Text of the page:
Honey Bee Diseases and Pests.

 

Bear trap

Bear damages to property and livestock remain high in frequency and severity. 

In 2010, 31 bears were euthanized for Category I behavior. Division of Fish and Wildlife (DFW) personnel captured 20 Category II bears at nuisance sites, applying aversive conditioning techniques to the released bears, and captured an additional 29 non-target bears at nuisance sites. In a study of the

effectiveness of aversive conditioning on nuisance bears, DFW found that all bears, regardless of being conditioned or not, returned to urban settings within 17 days of treatment or capture.

Other visitors

 

 

 

Skunks are common predators of bees, they can decimate a large colony in a few nights. Symptoms are very angry bees, scratches on the front of the hives, dig and scratch on the ground in front of hives. Skunk's feces are mostly composed of bee parts and can be found around the hives. I only saw a possom once eating dead bees under a hive.

Colony Collapse
Disorder

Colony Collapse Disorder (CCD) is a phenomenon in which bees from a   colony abruptly disappear. The mechanisms of CCD and the reasons for its increasing prevalence remain unclear. Many possible causes have been proposed: pesticides, primarily neonicotinoids; infections with varroa mites; malnutrition; various pathogens; genetic factors; immunodeficiencies; loss of habitat; changing beekeeping practices; or a combination of factors.

Wax moths

Wax moths will not attack the bees directly. They enter weak or dead hives; lay eggs developping in waxworms who feed on the wax used by the bees to build their honeycomb.

A.F.B.

American Foul Brood (AFB), caused by a spore (Paenibacillus), is the most widespread and destructive of the bee diseases. Lab testing is necessary for definitive diagnosis, but a good field test is to touch a dead larva with a toothpick or twig. It will be sticky and "ropey". Foulbrood also has a characteristic odor, and experienced beekeepers with a good sense of smell can often detect the disease upon opening a hive. Because of the persistence of the spores (which can survive up to 40 years), many State Apiary Inspectors require an AFB diseased hive to be burned completely. A less radical method of containing the spread of disease is burning the frames and comb and thoroughly flame scorching the interior of the hive body, bottom board and covers.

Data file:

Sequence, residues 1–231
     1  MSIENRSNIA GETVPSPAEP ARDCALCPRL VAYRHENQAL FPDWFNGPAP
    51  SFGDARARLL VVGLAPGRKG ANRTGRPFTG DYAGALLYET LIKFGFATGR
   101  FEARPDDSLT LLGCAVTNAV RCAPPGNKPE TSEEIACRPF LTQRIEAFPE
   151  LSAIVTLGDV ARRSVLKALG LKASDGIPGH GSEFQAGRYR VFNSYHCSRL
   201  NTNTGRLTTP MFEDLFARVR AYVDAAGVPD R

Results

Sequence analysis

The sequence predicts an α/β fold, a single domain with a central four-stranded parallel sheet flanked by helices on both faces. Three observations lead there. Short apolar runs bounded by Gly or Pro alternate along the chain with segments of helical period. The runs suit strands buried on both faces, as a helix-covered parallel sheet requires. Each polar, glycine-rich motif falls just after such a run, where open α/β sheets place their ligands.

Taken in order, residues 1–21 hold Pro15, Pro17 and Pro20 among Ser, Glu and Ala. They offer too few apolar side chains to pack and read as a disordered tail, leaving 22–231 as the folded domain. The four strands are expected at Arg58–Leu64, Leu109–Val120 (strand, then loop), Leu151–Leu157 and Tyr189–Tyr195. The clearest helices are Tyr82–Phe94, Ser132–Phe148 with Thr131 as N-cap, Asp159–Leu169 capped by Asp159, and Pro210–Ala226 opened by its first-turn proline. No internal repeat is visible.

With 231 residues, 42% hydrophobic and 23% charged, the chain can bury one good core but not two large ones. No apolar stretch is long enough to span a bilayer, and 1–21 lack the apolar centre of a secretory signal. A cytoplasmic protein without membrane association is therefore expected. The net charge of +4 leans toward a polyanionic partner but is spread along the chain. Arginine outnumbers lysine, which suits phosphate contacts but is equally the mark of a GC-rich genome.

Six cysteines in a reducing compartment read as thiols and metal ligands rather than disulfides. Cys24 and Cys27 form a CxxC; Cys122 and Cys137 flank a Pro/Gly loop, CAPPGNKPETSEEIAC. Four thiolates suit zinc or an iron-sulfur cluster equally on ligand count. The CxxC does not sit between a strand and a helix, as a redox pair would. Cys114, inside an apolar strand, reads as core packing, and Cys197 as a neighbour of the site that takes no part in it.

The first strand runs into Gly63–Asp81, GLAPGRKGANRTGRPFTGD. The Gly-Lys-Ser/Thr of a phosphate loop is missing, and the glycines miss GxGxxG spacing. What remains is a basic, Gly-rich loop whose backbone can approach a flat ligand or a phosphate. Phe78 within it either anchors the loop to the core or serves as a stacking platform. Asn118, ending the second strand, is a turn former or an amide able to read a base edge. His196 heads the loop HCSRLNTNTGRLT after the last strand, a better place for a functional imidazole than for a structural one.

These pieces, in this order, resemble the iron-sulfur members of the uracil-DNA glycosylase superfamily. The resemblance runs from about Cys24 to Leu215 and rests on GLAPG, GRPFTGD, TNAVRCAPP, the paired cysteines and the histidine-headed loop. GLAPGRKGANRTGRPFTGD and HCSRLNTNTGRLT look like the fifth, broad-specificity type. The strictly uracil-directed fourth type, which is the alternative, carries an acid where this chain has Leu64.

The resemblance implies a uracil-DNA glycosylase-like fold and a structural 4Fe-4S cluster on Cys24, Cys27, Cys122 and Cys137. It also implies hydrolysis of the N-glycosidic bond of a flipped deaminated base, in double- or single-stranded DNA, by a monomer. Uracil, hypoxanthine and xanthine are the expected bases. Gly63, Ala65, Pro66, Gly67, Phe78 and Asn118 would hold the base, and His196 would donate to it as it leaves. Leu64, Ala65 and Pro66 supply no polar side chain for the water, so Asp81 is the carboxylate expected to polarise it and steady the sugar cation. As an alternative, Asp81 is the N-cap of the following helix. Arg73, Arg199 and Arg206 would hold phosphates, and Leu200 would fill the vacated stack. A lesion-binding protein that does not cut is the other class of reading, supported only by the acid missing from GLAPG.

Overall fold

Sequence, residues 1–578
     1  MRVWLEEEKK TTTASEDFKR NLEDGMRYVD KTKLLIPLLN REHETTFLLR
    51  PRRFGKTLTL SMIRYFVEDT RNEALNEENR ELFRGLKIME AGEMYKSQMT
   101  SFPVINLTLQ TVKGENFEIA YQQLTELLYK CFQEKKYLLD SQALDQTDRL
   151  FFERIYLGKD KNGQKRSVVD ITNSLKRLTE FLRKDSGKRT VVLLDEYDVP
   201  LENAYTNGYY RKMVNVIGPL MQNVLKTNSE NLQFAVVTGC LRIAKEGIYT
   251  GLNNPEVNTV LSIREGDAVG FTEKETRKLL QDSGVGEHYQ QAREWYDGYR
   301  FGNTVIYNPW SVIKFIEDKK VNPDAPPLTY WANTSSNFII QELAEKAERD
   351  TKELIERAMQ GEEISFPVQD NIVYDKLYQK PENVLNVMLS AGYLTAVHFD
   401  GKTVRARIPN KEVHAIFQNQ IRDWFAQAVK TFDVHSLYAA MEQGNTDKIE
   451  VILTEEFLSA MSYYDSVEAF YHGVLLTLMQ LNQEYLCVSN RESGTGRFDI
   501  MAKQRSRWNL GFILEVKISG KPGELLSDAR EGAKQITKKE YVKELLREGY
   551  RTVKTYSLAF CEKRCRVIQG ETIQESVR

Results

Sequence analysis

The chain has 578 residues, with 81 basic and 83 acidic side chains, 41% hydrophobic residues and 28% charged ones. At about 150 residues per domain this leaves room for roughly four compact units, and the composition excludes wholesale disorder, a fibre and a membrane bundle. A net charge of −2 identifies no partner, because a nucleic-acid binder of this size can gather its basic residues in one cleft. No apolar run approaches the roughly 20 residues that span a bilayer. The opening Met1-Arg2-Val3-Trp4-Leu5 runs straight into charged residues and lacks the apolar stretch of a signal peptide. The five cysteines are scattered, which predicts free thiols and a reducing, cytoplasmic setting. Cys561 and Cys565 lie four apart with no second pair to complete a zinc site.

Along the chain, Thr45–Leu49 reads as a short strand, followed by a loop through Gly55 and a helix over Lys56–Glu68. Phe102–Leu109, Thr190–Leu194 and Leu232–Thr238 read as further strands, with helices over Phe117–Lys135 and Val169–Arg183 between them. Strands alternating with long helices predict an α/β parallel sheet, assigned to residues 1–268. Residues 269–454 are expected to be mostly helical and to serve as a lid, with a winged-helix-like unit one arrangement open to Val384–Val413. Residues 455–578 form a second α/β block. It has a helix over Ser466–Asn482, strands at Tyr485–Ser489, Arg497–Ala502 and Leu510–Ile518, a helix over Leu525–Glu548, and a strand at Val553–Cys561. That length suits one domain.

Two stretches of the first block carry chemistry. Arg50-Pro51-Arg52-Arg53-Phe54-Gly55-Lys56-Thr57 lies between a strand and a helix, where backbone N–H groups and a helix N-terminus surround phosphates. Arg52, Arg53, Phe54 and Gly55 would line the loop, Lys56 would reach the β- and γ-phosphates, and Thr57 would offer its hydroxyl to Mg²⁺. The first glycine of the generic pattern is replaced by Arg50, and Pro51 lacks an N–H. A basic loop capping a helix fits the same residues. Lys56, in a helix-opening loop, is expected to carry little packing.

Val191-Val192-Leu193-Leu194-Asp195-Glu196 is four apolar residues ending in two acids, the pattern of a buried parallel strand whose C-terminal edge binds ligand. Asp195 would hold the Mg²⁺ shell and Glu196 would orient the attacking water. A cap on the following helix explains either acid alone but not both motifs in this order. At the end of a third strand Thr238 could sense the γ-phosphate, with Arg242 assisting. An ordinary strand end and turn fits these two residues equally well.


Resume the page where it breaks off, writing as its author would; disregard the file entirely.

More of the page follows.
Bad weather
Bear visits

Bear complaint calls are received by DFW's Wildlife Control Unit and the NJ Department of Environmental Protection (DEP). DFW Wildlife Control personnel provide response and control using the Black Bear Rating and Response Criteria.

Electric fences

When you're in bear country, you need a serious deterrent to honey theft by hungry inhabitants. Electric fence is a good protection for your hives but is not 100% bear proof.

Mice

Mice can do a lot of damage inside a bee hive. They chew combs and frames but also pee and poop all over.

 

Varroa mites

Varroa mites are recognised as the biggest pest to honeybees worldwide, and are believed to be the single largest contributing factor in the modern-day decline of honeybees, due to their ability to transmit diseases such as deformed wing virus to larval and/or pupating bees, resulting in death or severe deformity of the pupae.

 

Nosema

The most notable symptom is dysentery. This appears as yellow stripes on the outside of the hive and in severe cases, inside the hive. Nosema spores are spread to other colony members through fecal matters. The disease impairs the digestion of pollen, thereby shortening the life of the bee.

 

Starving

A common mistake for beekeepers is to assume, too soon, that the bees have made it through the winter.  Sadly this is not always true. Brood rearing can start in the late winter, and if the weather has a cold snap, the bees will not leave the brood, even though there may be food in a short distance away. Bee starvation can happen because there is not enough food to get them through the winter. This can happen if the beekeeper has taken too much honey off a hive, and/or has not fed the bees enough sugar syrup in the fall, it can also happen for no discernible reason at all. In New Jersey a bee colony needs +/- 60lb of honey to survive the winter. 

 

Bee behavior is affected by weather and location. They rarely work when the temperature is below 57F or above 100F. On very hot days, bees cluster outside unshaded hives and do not work. However, too much shade in the summer makes bees irritable. Windbreaks provide some protection from cold winter winds. 

 

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